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Agrovoltaics: maximising land use for renewable energy and agriculture

Updated: Feb 23

In recent years, a novel concept called agrovoltaics has emerged, combining solar energy and agriculture for efficient land use for clean energy production and agriculture. This new approach has great potential which can meet the challenges of climate change, food security, and renewable energy production. We will look at five key points highlighting the benefits and advantages of agrovoltaics backed by scientific research.

Sheep grazing next to ground mounted solar panels

Improving Land use Efficiency

By using the same plot of land for solar energy and agriculture, agrovoltaics increases land use efficiency up to 186% (Max Trommsdorff S. G., 2022). Farms using agrivoltaic systems instead of conventional agriculture for shade-tolerant crop can also increase their economic value by over 30% (Harshavardhan Dinesh a, 2016). This dual-purpose system provides an opportunity to convert unproductive or underutilized land into an asset.

Improved crop yield and quality

Excessive heat can adversely affect plant growth and productivity. Research has shown that agrovoltaics can increase crop yields and improve crop quality by reducing excess heat (Max Trommsdorff I. S., 2022). The shade provided by solar panels in agrovoltaic systems helps regulate temperature and reduces the amount of stress being exerted on the crops.

Enhanced Soil Moisture and Grass Growth

Preliminary results from pilot a study from the University of Massey indicate the shade provided by solar panels in agricultural systems helps maintain soil moisture, improving grass growth and increasing nutrient value (Early research could inform future design of farm-based solar panels, 2023). Reduced humidity and improved water conservation help to create a more favourable microclimate for plant growth, benefiting grasses planted between and around solar panels. This approach promotes sustainable land management and offers potential for livestock grazing.

Improved Animal Welafre

Agrovoltaics not only benefit crops but also contribute to animal welfare. The shade provided by solar panels provides protected areas where animals can take a break from the sun during hot weather (Alex Sandro Campos Maia a, 2020). This shade greatly contributes to animal comfort, reducing heat stress, and improves their overall well-being. By providing an environment favourable to animal welfare, agrovoltaics aligns with sustainable and ethical farming practices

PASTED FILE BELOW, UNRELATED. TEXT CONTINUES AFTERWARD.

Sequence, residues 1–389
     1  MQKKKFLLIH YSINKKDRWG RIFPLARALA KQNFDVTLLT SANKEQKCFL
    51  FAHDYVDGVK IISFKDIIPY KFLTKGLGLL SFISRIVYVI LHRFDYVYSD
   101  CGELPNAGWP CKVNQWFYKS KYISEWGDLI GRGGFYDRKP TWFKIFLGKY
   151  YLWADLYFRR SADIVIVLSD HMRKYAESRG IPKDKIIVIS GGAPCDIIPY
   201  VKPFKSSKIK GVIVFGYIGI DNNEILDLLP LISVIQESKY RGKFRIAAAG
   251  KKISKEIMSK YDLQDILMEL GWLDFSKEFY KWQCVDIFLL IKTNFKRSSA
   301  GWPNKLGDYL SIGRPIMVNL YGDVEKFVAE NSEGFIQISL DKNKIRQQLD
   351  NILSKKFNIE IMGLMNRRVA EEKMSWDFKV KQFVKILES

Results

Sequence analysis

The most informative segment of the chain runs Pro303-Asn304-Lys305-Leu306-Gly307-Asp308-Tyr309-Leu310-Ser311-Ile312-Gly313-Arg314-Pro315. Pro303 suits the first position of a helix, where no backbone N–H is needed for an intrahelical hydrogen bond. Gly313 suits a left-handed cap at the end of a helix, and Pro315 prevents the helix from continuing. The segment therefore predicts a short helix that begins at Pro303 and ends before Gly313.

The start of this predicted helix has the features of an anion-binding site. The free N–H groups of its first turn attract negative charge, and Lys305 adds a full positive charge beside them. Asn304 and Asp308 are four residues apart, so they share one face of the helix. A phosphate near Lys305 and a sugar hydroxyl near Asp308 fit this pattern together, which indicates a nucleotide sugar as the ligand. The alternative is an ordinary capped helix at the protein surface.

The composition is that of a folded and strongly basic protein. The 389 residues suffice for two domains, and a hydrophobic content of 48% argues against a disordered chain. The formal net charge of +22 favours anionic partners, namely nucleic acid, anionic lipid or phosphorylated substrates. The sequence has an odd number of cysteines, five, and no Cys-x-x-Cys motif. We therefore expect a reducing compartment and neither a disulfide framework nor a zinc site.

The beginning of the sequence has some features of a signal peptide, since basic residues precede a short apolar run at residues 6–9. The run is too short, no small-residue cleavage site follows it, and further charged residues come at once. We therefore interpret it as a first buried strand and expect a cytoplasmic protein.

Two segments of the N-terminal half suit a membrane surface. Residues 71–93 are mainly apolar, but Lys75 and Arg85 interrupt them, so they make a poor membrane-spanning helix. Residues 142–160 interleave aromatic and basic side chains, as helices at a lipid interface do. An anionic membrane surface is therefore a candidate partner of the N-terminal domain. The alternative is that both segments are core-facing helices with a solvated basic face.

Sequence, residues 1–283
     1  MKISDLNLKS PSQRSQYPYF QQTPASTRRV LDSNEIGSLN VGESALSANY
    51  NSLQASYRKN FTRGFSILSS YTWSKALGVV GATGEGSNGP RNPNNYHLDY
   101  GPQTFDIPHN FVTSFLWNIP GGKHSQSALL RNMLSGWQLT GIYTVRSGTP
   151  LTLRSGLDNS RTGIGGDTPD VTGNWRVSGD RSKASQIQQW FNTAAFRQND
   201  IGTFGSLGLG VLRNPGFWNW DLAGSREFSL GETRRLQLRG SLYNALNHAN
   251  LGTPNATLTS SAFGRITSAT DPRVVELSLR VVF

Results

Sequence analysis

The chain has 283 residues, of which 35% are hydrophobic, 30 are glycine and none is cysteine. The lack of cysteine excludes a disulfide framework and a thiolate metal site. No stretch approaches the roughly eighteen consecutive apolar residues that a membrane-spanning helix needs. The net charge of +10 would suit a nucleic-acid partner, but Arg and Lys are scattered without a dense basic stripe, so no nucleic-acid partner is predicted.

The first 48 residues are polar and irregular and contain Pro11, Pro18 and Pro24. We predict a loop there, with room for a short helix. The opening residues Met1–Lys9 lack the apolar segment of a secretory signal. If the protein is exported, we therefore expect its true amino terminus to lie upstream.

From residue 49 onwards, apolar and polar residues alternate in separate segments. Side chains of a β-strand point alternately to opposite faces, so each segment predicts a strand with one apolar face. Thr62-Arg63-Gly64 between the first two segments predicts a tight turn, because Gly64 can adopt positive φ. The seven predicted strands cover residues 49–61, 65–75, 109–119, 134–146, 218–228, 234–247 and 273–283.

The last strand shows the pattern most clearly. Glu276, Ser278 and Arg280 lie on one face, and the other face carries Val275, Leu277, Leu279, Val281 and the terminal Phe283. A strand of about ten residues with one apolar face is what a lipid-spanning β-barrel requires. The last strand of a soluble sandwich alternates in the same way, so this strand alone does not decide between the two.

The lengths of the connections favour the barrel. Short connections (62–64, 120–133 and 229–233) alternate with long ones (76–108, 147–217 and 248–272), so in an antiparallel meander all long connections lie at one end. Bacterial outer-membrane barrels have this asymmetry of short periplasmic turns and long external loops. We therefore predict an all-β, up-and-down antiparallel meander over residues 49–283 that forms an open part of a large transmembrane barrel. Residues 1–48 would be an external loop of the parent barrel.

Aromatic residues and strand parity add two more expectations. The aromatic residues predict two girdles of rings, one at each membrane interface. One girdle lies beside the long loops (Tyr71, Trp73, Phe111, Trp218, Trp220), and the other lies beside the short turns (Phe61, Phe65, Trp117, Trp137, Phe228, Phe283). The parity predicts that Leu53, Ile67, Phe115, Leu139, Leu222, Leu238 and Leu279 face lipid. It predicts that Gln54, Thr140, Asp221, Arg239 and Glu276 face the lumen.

Dual Income Stream for Farmers

One of the main advantages of agrovoltaics is that it can provide a dual income to farmers. In addition to selling their agricultural produce, farmers can also supply the grid with surplus electricity generated by solar panels. This added income from renewable energy sources diversifies farmers’ incomes, making agrovoltaics an attractive option for farmers seeking economic resilience in the current unpredictable climate.

Agrovoltics offers a sustainable and innovative approach that optimizes land use for clean energy production and crop production. Scientific research supporting agrovoltaics highlights its potential to increase crop yields, maintain soil moisture, improve animal welfare, and generate additional income for farmers. By embracing agrovoltaics, we can move towards a more sustainable future where renewable energy and agriculture coexist harmoniously, addressing pressing global challenges.


Alex Sandro Campos Maia a, E. d. (2020). Photovoltaic panels as shading resources for livestock. Journal of Cleaner Production, Volume 258.

Early research could inform future design of farm-based solar panels. (2023, June 12). Retrieved from Massey University NZ:

Harshavardhan Dinesh a, J. M. (2016). Renewable and Sustainable Energy Reviews. The potential of agrivoltaic systems, 299-308.

Max Trommsdorff, I. S. (2022). Agrivoltaics: solar power generation and food production. Solar Energy Advancements in Agriculture and Food Production Systems, 159-210.

Max Trommsdorff, S. G. (2022). Agrivoltaics: Opportunities for Agriculture and the Energy Transition . Freiburg: Fraunhofer Institute for Solar Energy Systems ISE.



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